House price growth continues to slow: Halifax

House price inflation for the UK hit 8.8 per cent over the past 12 months, but a slowdown seems to be on the cards, data from the Halifax has found.

The lender’s latest monthly house price index found that prices were down 0.4 per cent month-on-month from September to October 2014, with just a marginal quarterly rise of 0.8 per cent from the second quarter of 2014 to the end of the third quarter this year.

According to the data, the rise was the slowest quarterly increase since December 2012, when house prices grew by 0.7 per cent.

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Martin Ellis, housing economist at Halifax, said: “Activity continues to decline, with mortgage approvals in September falling for the third successive month to a 14-month low, while home sales are at their lowest level since October 2013. The associated weakening in demand has brought supply and demand into better balance.”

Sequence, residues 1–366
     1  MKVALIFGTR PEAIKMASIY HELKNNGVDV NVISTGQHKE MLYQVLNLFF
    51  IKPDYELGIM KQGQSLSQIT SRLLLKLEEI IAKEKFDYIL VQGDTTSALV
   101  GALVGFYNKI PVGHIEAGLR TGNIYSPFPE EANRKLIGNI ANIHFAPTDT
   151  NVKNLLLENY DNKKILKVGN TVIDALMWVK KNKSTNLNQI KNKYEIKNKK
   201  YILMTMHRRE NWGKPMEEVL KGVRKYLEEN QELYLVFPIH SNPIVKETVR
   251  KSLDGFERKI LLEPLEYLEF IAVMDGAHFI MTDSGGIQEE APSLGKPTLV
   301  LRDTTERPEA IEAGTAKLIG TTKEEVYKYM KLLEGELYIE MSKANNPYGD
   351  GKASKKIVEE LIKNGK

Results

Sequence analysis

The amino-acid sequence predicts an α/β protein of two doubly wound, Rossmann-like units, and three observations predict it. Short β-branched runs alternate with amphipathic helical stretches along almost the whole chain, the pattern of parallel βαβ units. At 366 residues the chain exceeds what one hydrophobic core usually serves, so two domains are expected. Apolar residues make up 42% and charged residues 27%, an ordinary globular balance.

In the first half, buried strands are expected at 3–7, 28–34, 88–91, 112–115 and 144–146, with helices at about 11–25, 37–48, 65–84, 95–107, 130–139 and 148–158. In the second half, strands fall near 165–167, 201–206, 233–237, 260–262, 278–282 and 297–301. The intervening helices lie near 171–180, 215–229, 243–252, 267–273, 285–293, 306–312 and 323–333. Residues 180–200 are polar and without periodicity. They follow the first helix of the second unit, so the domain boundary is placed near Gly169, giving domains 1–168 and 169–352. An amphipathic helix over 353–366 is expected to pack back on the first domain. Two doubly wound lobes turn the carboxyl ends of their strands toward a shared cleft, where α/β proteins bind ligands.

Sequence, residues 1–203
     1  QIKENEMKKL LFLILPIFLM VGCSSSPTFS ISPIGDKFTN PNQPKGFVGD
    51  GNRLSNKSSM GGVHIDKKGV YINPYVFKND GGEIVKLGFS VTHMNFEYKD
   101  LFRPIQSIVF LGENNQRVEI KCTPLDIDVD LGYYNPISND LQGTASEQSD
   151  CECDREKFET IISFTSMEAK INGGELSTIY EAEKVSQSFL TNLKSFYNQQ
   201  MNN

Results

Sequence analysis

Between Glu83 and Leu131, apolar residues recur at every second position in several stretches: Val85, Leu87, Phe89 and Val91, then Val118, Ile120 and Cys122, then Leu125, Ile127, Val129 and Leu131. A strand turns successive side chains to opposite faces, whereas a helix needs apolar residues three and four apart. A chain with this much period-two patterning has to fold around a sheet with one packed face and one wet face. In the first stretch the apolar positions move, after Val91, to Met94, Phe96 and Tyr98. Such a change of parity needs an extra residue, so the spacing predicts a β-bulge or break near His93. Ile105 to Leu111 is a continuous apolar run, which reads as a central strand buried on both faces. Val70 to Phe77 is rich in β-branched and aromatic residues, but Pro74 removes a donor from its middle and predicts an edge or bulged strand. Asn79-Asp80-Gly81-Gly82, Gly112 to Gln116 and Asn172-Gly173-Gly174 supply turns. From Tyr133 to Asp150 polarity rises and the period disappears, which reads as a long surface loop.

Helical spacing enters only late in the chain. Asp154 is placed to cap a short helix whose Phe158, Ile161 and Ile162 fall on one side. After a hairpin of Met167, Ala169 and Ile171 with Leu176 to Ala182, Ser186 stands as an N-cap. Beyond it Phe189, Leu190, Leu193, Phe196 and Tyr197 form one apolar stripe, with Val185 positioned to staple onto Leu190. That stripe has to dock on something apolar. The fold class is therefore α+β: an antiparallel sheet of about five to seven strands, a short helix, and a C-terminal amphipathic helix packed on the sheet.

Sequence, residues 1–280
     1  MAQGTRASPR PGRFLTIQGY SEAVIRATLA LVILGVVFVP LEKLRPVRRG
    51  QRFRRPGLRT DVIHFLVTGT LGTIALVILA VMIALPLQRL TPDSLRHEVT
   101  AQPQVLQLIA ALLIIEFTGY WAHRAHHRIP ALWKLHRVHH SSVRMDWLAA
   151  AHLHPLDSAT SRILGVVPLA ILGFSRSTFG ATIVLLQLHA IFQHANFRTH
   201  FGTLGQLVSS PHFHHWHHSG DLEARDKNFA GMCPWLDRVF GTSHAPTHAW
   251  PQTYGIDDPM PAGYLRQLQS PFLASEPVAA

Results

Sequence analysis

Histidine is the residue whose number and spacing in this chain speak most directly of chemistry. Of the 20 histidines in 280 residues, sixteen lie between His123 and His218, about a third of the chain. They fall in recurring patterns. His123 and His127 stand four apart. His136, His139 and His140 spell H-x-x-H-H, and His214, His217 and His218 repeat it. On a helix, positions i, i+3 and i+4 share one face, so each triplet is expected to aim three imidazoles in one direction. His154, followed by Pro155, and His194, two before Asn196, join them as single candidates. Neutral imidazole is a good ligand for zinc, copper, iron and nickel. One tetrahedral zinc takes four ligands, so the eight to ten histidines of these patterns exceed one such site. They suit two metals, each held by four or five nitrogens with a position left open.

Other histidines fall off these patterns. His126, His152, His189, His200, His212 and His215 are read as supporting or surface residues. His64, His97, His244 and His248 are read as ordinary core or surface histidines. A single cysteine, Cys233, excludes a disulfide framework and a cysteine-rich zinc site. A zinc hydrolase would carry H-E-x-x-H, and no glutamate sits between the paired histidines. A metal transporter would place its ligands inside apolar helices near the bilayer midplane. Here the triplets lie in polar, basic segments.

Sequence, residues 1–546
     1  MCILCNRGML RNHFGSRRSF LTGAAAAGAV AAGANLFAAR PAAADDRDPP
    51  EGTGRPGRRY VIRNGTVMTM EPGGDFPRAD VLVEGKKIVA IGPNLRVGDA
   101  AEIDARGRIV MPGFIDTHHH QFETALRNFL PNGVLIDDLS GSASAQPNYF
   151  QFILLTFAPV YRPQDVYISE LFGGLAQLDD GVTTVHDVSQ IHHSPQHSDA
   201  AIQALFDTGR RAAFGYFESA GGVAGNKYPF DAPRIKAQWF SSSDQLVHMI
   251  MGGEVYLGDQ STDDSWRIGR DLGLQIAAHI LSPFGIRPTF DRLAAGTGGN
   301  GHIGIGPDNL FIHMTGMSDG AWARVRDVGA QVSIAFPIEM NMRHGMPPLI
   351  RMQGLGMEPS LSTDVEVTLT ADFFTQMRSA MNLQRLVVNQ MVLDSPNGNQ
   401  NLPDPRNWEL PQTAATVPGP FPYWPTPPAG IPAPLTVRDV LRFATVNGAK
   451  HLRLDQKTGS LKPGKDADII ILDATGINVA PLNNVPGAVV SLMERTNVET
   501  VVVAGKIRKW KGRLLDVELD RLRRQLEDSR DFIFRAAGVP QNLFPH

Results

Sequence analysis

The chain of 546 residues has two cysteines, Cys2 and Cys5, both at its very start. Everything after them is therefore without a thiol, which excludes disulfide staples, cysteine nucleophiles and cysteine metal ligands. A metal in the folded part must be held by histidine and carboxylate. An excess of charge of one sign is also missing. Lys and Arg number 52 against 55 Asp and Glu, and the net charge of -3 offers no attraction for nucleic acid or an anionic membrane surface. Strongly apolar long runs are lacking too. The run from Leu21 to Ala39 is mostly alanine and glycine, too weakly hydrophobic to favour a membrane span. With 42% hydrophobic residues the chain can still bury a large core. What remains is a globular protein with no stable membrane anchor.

Stephen Smith, director at Legal & General Mortgage Club, said: “Although this may feel like the housing market is slowing down, it is important to remember that the past year has seen a yearly increase of 8.8 per cent. This level of growth is not sustainable.

“House prices need to grow at a similar rate to wage inflation for the market to be stable and healthy in the long term.”

Adviser view:

Brian Murphy, head of lending for national advisory firm the Mortgage Advice Bureau, said: “Although the market appears to be easing, lenders must remain dedicated to their participation in government schemes such as Help to Buy and higher loan-to-value lending.”